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DeAlan Wilson www.ComedyE.com
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Like many of you, the first time I saw the trailer for The Lego Movie (2014) I thought to myself, "Are you kidding me?!" Yet another movie based on a franchise of toys aimed towards families willing to cough up the cash just to shut their kids up. Can't we for once make movies for kids that don't dull the senses? Have we truly come to the point where there are no original thoughts? Yet after seeing not just families but college kids' line up to see sold out viewings I became interested. In addition, The Lego Movie managed to muster a staggering 93% on rottentomatoes.com, an unheard of fresh score in the February film graveyard. In short; curiosity got the best of me.
Boy was I wrong about this film. I honestly couldn't have been more wrong about a film in my life. The Lego Movie is not only the must see film of the late winter season, I'm going to go ahead and call it now; it's the best family-oriented film for all ages of 2014. Okay maybe not but at the very least it's a very high bar to set.
The story busts out of the gate from the get-go; Vitruvius (Morgan Freeman) a wizard and "master builder", while protecting a mystery weapon is blinded by Lord Business (Will Ferrell), obviously our caped and big booted villain. Before Vitruvius is kicked into the abyss by Business and his robotic minions, he foretells of a hero, the "special" who will put an end to his dastardly plans, whatever they might be. The next morning Emmet a seemingly ordinary Lego construction worker goes about his normal day. He comes across a woman named Wyldstyle (Elizabeth Banks) searching for "the piece of resistance" which he unwittingly finds and becomes beholden to. Now it's up to Emmet and some newfound friends to fulfill the prophecy.
It all sounds like a scenario dreamed up by a child who's read one too many comic books. Yet within The Lego Movie's brick-blocked world, everything including the story feels incredibly new and original. Children, especially the young will enjoy the fast action, laugh-a-minute jokes, sly slapstick and goofy characters. Obvious kid favorites will include perma-smiled Unikitty (Alison Brie) and zany 80's throwback astronaut Benny (Charlie Day) whose ability to create spaceships is frustratingly overlooked. Plus there's Batman (Will Arnett) Batman!
The older crowd however will be astounded not only with the seamless CGI effects but with the subversive element throughout the film. Yes a goofy, kiddy film of such unrestrained chirpiness can be positively incendiary, at least in this case. Throughout the film there are Orwellian elements tucked underneath crafty pop-culture references ranging from Star Wars (1977) to Harry Potter. There are mischievous pokes at what Henry David Thoreau referred to as "(leading) lives of quite desperation."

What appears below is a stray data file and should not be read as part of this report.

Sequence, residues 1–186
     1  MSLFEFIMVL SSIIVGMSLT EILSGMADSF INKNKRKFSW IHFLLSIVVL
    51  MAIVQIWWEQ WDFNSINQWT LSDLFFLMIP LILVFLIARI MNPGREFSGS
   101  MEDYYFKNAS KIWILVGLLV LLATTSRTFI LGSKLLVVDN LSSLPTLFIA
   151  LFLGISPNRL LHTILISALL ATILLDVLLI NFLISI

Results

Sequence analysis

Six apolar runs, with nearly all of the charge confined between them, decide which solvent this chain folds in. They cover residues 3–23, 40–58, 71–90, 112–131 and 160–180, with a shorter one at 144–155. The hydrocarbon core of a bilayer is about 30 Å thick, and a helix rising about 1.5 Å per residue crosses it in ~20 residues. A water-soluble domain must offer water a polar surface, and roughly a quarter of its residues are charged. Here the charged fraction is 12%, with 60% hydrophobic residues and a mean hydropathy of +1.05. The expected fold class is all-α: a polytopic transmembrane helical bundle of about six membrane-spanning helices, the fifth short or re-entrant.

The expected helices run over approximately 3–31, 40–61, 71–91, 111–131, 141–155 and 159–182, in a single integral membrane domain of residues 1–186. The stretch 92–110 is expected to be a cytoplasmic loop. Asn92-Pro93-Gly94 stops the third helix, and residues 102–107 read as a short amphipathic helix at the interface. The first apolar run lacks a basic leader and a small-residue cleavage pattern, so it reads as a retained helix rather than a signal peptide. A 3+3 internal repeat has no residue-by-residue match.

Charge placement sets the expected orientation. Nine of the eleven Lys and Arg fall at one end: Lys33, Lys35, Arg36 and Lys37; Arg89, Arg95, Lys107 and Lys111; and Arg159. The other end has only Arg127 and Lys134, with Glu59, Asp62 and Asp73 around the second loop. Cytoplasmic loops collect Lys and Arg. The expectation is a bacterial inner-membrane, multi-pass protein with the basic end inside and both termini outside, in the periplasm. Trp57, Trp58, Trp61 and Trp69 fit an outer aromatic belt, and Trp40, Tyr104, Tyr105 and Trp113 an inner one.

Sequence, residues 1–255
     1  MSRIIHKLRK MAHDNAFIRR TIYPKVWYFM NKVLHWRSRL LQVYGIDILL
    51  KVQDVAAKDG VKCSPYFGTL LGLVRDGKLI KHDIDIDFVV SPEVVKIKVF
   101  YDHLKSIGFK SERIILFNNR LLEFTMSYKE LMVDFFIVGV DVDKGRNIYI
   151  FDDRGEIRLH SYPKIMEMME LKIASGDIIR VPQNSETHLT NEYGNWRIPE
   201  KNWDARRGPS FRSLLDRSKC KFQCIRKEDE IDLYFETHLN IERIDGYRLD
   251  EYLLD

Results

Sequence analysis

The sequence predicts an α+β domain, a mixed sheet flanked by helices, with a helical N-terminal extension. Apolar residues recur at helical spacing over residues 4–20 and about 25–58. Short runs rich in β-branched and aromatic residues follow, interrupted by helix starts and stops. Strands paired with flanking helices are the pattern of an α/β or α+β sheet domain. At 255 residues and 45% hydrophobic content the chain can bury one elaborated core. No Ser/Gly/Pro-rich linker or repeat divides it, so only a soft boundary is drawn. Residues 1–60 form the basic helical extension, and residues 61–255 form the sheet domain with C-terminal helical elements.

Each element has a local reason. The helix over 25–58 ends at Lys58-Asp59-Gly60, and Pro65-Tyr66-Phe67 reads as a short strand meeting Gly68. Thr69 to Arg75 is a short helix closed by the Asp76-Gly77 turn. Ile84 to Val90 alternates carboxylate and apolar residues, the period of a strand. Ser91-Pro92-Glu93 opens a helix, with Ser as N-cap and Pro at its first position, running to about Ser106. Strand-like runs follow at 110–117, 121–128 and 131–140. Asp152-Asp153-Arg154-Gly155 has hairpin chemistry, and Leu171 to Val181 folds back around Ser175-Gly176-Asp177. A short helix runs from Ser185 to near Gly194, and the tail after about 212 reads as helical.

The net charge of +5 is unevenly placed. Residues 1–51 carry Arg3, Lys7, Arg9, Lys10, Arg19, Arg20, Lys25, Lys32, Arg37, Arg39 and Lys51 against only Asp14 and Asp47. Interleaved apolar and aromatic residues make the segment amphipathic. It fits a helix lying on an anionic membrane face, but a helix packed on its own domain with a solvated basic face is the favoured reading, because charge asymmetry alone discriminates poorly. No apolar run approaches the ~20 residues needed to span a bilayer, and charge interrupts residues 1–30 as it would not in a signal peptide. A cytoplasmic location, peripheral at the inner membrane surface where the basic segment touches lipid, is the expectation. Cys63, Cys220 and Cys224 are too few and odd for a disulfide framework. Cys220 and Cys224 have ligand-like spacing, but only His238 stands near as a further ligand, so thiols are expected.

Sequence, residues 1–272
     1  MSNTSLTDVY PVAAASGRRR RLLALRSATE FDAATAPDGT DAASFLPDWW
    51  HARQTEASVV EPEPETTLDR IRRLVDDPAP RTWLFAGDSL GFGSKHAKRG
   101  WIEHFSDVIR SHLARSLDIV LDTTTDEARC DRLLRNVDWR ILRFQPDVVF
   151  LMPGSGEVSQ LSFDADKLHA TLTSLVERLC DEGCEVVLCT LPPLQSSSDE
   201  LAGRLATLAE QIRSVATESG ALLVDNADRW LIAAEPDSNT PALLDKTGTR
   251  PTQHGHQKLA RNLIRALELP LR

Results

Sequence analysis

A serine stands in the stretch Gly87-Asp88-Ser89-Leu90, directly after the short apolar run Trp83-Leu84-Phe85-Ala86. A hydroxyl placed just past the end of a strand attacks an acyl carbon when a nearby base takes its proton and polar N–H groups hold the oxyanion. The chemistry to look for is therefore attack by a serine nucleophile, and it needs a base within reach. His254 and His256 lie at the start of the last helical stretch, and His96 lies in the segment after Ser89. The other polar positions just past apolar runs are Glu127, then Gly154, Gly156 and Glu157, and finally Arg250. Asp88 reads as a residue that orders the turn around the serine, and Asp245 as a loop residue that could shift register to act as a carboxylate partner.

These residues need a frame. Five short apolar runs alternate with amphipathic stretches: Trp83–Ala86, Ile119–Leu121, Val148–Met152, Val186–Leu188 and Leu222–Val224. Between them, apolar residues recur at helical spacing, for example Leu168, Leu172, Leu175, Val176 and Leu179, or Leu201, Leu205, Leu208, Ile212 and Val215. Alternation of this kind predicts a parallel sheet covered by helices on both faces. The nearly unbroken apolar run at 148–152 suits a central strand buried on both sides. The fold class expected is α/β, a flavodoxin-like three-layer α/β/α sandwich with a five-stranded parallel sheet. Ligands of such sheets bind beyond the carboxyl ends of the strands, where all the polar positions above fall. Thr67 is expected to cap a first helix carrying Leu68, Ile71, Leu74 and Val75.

Finally there's cheeky satire aimed at the Danish toy brand itself. Much of the conflict revolves around "master builders" who build whatever they want out of the parts they find versus Lord Business who wants everything built "according to the directions." This particular theme struck the kid inside me as I was very fond of Legos. Younglings may not realize that back in the day, pre-designed Lego play sets took a back seat to the now impossible to find Lego Creative Bucket sets. To the uninitiated that particular red bucket set was an amalgam of potential foot sores but to this writer, those 200+ pieces were a gateway to an unlimited creative space.
The Lego Movie accurately and effectively recreates that creative space through accessible movie magic. It exhibits a fun hero story that may not be treading new narrative ground but nonetheless feels fresh and new. Finally the themes and occasionally biting humor makes The Lego Movie a kid's film that isn't just for kids but the child in all of us. This February do yourself a favor and treat yourself to an adventure story unlike any other. Then go home and order some Legos online! I know I am.
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